A recent article by the New York Times reveals a flawed medical implant system that is under intense scrutiny after the recall of 93,000 DePuy A.S.R. hip replacement implants. Originally promoted as a breakthrough in design that would last patients at least 15 years, the device is failing worldwide at unusually high rates after just a few years. Some patients have had to undergo painful operations to replace the device with another artificial hip. Other suffered permanent disabilities to bones, muscles, and nerves because of tiny metallic particles shed by the faulty device.
The article points to a medical loophole that was exposed by the A.S.R. hip failures. Unlike new drugs, which undergo a series of clinical trials before gaining approval from federal officials, critical implants can be sold without such testing if they resemble another implant that is already approved and used on patients. This allows producers to bundle a component from an unapproved implant into an existing design and sell the device with minimal testing.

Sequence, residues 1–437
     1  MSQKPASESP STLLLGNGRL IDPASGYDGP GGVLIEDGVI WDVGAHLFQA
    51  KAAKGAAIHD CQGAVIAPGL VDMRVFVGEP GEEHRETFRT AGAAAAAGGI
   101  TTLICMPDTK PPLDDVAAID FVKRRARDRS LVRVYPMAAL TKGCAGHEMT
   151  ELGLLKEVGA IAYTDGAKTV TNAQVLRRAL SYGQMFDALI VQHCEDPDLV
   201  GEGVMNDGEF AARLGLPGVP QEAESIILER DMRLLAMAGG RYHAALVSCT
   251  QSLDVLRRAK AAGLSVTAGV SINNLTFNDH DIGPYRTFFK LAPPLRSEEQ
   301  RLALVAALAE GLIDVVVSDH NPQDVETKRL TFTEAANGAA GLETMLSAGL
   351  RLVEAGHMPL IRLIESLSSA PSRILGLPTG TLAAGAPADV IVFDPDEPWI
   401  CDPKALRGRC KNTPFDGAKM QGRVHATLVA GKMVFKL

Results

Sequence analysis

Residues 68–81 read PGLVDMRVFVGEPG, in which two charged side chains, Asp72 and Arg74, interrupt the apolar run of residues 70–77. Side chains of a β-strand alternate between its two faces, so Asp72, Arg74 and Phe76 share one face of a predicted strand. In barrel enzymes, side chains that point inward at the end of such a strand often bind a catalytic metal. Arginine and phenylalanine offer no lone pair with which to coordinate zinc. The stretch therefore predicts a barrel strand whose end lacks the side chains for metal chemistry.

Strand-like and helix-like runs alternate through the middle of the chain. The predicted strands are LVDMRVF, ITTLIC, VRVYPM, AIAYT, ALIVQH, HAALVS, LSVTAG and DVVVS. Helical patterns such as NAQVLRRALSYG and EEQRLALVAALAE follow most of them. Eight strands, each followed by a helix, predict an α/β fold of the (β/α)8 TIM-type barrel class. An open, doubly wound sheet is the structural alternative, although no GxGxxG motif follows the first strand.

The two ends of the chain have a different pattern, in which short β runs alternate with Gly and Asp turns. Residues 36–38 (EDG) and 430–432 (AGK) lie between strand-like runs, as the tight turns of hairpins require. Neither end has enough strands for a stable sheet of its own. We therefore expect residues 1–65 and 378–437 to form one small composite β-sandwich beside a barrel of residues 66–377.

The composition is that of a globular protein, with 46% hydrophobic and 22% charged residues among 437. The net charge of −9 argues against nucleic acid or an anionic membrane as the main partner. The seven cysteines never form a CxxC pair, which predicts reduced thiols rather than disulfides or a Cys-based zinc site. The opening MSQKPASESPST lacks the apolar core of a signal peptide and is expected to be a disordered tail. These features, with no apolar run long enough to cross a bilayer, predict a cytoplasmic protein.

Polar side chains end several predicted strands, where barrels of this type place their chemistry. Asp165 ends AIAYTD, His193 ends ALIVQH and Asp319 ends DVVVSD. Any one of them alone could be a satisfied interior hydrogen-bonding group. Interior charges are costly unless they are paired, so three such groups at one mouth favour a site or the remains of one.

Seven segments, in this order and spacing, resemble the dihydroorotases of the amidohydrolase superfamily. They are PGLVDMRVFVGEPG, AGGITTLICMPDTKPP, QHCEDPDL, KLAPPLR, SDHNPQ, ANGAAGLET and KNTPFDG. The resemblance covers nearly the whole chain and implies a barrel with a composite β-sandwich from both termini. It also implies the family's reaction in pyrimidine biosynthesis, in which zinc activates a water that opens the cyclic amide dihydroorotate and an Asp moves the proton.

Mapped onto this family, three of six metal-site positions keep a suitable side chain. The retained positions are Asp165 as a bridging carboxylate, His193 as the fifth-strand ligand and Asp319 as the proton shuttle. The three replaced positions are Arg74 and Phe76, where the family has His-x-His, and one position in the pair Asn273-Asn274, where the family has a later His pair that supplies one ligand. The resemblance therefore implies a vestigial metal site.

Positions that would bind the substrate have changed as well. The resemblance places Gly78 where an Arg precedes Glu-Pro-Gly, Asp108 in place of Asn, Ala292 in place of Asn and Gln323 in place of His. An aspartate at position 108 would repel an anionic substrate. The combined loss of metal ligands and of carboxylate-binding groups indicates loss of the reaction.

Only one version of the DePuy device was approved for sale in the United States, but it used parts of another unapproved device. Current rules do not require producers to notify federal officials when they bundle together approved and unapproved device components. And, until recently, doctors and regulators remained largely unaware of the problem because there is no independent monitoring system in this country that tracks implant failures.
The faulty DePuy device is just one of a number of Johnson & Johnson products that have been recalled for defects or manufacturing flaws. Although the FDA recently proposed rules that would require more rigorous testing for implanted devices, the industry is questioning the need for even broader changes.